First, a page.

Currently, there is a waiting time due to high demand. Please see our Delivery page for more information.

How To Take Care Of A Guinea Pig After An Operation

Recent advances in guinea pig health care mean your pets are more likely than ever to survive an operation. However, it’s not a nice experience for anyone, and there are some steps you should take to ensure that your guinea pig recovers as quickly as possible.

It's likely that your vet or their assistant will have given you some advice on how to take care of your pet post-operation, and it’s really important you follow this to the letter. If they’ve not given you much advice, then read on for ten helpful tips for dealing with poorly guinea pigs.

guinea pig recovering
Helping guinea pigs to a speedy recovery

10 Top Tips For Dealing With Poorly Guinea Pigs

  1. Ask your vet for painkillers and antiseptics. After your guinea pig has had their operation they’re likely to be in a lot of pain, and so will need something to ease it. Very much like after you come back from the hospital or the dentist, you’ll be very sore and tired, so your vet will be able to give you sound advice on how to help your guinea pig have a comfortable and speedy recovery. Antiseptics may be required after operations such as neutering, where abscesses can form if the area isn’t kept clean. Ask your vet which one to use, or purchase one from their clinic.

  2. Keep your guinea pigs together unless your vet has explicitly said otherwise. Guinea pigs are herd animals and do not like being kept on their own, and after such a stressful time they’ll need their family around them to keep their spirits up. Without their cagemates, some poor pets get depressed and a few simply give up. To avoid this, keep at least one other guinea pig in with them, such as a neutered member of the opposite sex, a sister, or a member of the same sex. If you have three guinea pigs, it’s a good idea to put them all in together so that you can ensure none are on their own.

  3. Make sure that your guinea pig is eating, even if this means hand-feeding them. If they’re shocked or in pain they’re less likely to eat, which really won’t help their recovery. If they shouldn’t be picked up, enter their run or put an arm in to tempt them with their favourite tidbits. As normal, ensure they have constant access to hay and fresh water.

  4. Many owners recommend giving your guinea pigs extra vitamin C to make sure that their immune system is working as well as it can be. Don’t worry about overdosing your guinea pigs with this, as any extra they will just urinate out. Either give them foods rich in vitamin C, or add a soluble vitamin C tablet to their water.

  5. Keep a close eye on your pet to make sure it's recovering properly, particularly if it's had an operation. If a cut has been made in your guinea pig then it can get infected and may reopen. If it swells a lot, becomes hard, seeps pus, or you can see stitches that are supposed to be internal, then get in contact with your vet. If your pet appears to be in pain, contact your vet too, as they will probably be able to give your guinea pig some painkillers.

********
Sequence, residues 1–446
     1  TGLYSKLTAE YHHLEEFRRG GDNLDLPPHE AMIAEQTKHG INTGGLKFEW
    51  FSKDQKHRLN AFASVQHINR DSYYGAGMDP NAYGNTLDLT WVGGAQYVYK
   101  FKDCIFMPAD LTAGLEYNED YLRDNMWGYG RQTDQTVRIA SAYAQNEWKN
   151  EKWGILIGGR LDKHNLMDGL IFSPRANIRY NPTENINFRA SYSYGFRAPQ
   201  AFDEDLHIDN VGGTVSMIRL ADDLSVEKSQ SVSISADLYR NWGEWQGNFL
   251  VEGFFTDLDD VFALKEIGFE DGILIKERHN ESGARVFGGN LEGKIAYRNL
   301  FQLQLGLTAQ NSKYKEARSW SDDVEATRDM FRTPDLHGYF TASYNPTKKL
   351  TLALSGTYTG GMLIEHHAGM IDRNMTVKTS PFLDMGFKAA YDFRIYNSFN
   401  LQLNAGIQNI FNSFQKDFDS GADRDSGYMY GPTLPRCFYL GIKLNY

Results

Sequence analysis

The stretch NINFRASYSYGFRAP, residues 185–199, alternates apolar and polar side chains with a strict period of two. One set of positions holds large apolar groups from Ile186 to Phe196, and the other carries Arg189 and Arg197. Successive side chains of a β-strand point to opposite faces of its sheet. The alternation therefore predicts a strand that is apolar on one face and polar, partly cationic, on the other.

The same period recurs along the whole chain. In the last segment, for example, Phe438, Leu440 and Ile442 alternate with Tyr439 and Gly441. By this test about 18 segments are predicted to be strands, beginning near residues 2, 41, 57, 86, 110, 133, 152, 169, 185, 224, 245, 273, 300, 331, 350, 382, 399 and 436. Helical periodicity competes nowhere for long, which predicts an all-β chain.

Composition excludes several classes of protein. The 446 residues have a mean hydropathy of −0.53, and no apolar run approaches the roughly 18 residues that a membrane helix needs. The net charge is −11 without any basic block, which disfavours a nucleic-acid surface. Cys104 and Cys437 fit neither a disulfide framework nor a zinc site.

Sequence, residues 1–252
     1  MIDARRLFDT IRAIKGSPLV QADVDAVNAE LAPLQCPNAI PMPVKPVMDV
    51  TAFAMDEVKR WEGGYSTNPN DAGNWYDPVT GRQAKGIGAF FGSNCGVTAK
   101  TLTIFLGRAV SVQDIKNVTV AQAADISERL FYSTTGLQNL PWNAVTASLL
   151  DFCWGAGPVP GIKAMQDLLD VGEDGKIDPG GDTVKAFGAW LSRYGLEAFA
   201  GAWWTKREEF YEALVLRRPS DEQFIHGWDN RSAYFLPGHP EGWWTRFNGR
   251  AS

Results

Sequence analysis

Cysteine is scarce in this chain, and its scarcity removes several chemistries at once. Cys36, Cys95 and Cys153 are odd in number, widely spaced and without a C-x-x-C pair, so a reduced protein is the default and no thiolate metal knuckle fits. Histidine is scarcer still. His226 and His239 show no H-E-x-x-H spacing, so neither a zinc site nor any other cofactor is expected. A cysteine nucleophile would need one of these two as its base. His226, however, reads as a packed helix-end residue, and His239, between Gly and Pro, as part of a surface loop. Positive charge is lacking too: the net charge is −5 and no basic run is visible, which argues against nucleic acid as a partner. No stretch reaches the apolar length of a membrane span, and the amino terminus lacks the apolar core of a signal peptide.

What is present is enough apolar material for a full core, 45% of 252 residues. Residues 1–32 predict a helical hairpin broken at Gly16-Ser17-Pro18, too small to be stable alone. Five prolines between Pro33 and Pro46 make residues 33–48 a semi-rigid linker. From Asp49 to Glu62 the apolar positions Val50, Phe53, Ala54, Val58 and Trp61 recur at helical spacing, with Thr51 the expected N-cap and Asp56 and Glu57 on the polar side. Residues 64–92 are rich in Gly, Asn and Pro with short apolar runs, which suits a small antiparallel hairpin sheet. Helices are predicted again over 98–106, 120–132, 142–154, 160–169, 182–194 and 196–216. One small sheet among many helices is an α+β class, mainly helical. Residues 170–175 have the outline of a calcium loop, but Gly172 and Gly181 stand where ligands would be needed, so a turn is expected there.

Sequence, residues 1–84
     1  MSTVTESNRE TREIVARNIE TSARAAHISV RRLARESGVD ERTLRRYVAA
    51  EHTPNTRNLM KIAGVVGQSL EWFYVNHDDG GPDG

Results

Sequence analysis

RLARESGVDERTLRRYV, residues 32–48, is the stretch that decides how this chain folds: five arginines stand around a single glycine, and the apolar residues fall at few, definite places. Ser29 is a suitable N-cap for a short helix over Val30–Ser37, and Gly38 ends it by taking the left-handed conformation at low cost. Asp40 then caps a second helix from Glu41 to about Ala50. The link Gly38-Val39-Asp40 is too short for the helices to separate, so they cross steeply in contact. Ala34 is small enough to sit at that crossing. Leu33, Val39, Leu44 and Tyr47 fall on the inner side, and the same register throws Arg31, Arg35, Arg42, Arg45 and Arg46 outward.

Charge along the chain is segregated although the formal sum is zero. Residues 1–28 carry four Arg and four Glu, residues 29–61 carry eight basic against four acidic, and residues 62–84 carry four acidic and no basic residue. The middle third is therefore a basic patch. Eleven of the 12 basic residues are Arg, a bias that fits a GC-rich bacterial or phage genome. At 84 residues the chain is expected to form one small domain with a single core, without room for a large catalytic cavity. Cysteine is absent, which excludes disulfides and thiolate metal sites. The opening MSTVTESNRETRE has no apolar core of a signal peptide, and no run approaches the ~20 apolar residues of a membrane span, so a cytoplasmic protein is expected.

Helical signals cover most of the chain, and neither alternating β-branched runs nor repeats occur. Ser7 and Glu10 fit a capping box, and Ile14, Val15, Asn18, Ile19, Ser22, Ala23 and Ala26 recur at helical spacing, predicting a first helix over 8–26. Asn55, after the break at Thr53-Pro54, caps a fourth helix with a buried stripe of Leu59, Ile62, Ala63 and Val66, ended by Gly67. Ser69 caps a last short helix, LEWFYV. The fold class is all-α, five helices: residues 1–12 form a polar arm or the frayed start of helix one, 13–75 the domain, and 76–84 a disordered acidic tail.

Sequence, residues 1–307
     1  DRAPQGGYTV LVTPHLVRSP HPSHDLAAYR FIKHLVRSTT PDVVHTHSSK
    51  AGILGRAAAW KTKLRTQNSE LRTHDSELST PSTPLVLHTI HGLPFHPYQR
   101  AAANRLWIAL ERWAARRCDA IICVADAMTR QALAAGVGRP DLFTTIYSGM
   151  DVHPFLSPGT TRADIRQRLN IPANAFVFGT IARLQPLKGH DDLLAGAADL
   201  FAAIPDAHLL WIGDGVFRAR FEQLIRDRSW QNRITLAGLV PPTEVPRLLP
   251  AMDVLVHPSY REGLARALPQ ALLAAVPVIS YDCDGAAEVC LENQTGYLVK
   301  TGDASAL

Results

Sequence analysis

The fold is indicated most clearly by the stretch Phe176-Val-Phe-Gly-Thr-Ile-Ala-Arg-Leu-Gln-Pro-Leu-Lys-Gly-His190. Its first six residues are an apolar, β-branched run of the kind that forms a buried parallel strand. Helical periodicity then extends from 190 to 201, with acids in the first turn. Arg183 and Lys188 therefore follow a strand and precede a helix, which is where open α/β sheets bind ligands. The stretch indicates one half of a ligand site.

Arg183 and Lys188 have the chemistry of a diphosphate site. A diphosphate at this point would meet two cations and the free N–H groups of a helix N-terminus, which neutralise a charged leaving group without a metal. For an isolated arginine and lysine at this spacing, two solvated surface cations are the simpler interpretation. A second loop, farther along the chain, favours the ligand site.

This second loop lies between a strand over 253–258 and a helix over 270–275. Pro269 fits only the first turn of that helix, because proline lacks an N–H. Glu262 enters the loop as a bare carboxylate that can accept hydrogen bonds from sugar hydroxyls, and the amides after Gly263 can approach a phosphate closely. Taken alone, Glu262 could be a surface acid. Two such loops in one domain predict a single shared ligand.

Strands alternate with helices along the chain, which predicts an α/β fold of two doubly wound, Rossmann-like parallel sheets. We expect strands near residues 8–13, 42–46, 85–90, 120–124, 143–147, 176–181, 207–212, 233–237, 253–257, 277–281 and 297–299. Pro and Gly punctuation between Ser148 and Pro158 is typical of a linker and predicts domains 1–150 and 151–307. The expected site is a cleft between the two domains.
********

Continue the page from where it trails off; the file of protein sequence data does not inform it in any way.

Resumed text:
6. It’s a good idea to weigh your poorly guinea pig a few times a day to make sure that it’s not losing weight. It may hurt your guinea pig to be picked up, so you might want to get a box, encourage your guinea pig into the box, block the exit, then weigh the box with the guinea pig in it. Alternatively, you can have one side of the box cut out so that you can slide your guinea pig very gently from the floor of the box straight out the side onto the scales.

  7. You might want to keep your guinea pigs on white towels for the first few days after their operation. This means that you can see if they’re bleeding, or not pooing or weeing. It might be the case that your guinea pig is eating it’s own faeces which is why you can’t see any droppings. Don’t worry if this happens - guinea pigs often need to re-ingest this material to get the most nutrients out of it as possible. If you can’t see any droppings, watch your pet for a while to see what it’s doing.

  8. Make sure their hutch or temporary enclosure is really clean to help avoid infections and illnesses.

  9. Make sure your guinea pigs are in a safe, quiet, warm environment. This may mean keeping them all indoors for a few days, especially if it’s the winter. Find a nice quiet spot for them in your house away from lots of noise and other pets.

  10. It’s not a good idea to handle your pet unnecessarily. If it’s just had an operation it will be sore and probably in pain if you try to pick it up, especially if they’ve had a stomach operation, as the usual picking up method puts a lot of strain on this area.

Customer Images


There are no comments just yet